What Car?, a monthly magazine for car buyers and a sister Haymarket title of PRWeek, has made a series of changes to capitalise on the brighter market, hiring a new editor and undergoing a major redesign. The new-look magazine hits newsstands this week.
Editor-in-chief Steve Fowler says this is the first time in several years that the magazine has undergone a 'root and branch rethink'.
'What Car? is never going to be something you pick up and get a belly laugh from, but we have given it a lighter and more entertaining feel,' says Fowler. It has also expanded its content: the 40-page The New Car Guide, previously a separate monthly product, will now be part of the main magazine.
To handle the day-to-day running of the magazine, What Car? poached Autocar.co.uk's deputy editor Jim Holder to be editor of the magazine in June, reporting to Fowler. Additionally, Stephen Hopkins was appointed art editor in the same month.
Fowler says over the past few years, What Car? has increasingly focused on the car buyer as opposed to the car enthusiast, to differentiate it from competitors such as Top Gear and Autocar.
'We are a test centre. We're not interested in writing about what it's like to drive a particular car through the vineyards in the South of France. We're more likely to take the car on the M25. Everything in the magazine is to service the pragmatic car buyer. Will it help our readers buy a car or get a better deal?' he says. So, how do PROs secure those all-important rave reviews?
Nissan's comms director Gabi Whitfield says: 'What Car? is the most respected car magazine in terms of shaping consumer opinion for real car buyers. The team are highly professional, approachable and open to innovative ideas.
'PROs should make sure their story has an angle that relates to the consumer - the magazine is a real consumer champion and buying aid.'
Richard Gotch, MD of automotive PR specialist Market Engineering, advises PROs to make sure they demonstrate a product properly: 'If it's a car test, explain the key points of differentiation that will interest readers and understand what type of route is needed to demonstrate its strengths.
Or explain how a gadget works and why it works better that way.' He adds that PROs should remember it is a practical magazine and advises them to keep an eye on readers' feedback: 'Provide expert comment on an issue of concern to readers and develop story ideas that build on something already being discussed.'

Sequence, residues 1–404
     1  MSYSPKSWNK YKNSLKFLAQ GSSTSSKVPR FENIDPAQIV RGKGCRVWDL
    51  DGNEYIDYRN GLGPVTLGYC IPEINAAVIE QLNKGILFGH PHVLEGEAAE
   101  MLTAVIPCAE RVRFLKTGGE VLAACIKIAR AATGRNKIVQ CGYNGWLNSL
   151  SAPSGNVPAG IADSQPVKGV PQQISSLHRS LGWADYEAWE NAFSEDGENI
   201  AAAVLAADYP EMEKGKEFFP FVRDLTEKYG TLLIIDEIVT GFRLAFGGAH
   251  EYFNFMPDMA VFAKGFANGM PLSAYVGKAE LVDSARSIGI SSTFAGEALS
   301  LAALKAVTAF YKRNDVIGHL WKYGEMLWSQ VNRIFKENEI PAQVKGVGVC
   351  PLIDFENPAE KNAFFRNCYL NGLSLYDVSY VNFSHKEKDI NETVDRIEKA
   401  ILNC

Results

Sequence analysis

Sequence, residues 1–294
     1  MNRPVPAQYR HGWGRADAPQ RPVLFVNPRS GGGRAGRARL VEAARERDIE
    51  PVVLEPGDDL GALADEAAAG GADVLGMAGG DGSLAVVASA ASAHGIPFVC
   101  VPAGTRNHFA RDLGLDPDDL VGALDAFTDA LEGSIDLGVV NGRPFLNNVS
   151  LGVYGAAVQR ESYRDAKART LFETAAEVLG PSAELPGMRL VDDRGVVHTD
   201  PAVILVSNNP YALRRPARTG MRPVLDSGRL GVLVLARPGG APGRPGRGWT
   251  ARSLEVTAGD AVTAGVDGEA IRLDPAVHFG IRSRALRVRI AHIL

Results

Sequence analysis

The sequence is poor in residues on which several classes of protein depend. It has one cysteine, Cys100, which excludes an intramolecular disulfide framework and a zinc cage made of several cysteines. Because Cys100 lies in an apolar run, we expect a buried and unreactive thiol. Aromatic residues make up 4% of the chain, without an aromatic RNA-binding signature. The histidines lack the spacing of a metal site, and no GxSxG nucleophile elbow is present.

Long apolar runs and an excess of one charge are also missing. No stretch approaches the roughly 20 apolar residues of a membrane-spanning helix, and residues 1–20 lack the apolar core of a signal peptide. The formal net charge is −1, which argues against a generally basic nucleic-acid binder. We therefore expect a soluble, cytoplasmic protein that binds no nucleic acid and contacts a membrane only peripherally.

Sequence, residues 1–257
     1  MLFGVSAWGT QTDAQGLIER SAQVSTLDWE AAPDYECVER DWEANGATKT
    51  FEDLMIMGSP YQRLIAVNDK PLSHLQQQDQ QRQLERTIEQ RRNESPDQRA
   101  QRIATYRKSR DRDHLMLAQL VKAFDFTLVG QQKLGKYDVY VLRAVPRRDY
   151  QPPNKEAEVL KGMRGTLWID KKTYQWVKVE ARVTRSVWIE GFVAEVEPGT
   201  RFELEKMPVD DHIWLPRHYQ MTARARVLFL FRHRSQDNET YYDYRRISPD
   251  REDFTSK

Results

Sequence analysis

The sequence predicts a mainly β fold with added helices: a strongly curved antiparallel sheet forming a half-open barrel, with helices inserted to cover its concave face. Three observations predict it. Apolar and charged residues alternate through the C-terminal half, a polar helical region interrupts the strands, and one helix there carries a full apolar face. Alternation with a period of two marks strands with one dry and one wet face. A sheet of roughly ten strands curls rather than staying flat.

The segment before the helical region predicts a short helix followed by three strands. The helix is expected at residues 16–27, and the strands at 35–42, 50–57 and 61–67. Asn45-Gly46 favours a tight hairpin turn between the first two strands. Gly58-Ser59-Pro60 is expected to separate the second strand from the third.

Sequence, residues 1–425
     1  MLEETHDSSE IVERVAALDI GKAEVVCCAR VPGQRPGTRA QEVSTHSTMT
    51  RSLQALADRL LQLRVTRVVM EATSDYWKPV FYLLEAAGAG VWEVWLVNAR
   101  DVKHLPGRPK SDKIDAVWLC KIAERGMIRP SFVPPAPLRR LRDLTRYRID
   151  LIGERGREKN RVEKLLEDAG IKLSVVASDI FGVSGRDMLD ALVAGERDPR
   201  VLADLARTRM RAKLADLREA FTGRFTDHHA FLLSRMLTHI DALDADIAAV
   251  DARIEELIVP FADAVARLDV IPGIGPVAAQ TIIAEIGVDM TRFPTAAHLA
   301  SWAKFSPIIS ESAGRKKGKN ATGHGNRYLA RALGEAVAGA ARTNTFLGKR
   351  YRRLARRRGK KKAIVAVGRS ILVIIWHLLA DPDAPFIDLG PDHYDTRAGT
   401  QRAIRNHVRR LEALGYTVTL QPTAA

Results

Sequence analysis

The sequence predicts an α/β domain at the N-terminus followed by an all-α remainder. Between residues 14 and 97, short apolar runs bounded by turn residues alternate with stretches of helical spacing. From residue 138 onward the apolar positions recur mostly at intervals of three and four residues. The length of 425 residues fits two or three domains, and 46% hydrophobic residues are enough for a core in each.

Fowler also advises PROs not to overlook the importance of the specialist freelance writers: 'Pitch directly to them. They know how to shape an unusual story to be attractive to the editor.'
Circulation: 83,102 (ABCs Jan-Dec 2009)
Frequency: 13 issues a year
Average reader: 62 per cent aged 25-54; 74 per cent ABC1 (NRS)
Contact: Steve.Fowler@haymarket.com; 020 8267 5550
A MINUTE WITH ... STEVE FOWLER, EDITOR-IN-CHIEF, WHAT CAR?
What are your deadlines? We go to press two weeks before the issue hits the newsstands, but for the magazine we want things as soon as possible. We are already planning issues for next year. For the website, the deadline is now.
Describe your PR relationships We have a good relationship with car makers, who give us stories in advance for the magazine but trust us not to break them online earlier. We have never broken an embargo because it would ruin relationships.
What would be your main advice for PROs? Remember, we serve the car buyer, not a car enthusiast. So if you have a product that is relevant, we want to review it.
Do you treat the content for the magazine and the website differently? They have similar content, but it is presented in a different way. We can be far more visual in the magazine to give car buyers an opportunity to luxuriate in the car-buying experience, whereas online content is broken into bite-sized chunks.
Describe the What Car? team and their output There are 24 journalists who produce the magazine and website. We have just launched a What Car? driving school and also have evecars.com, a female-focused car buyer's site.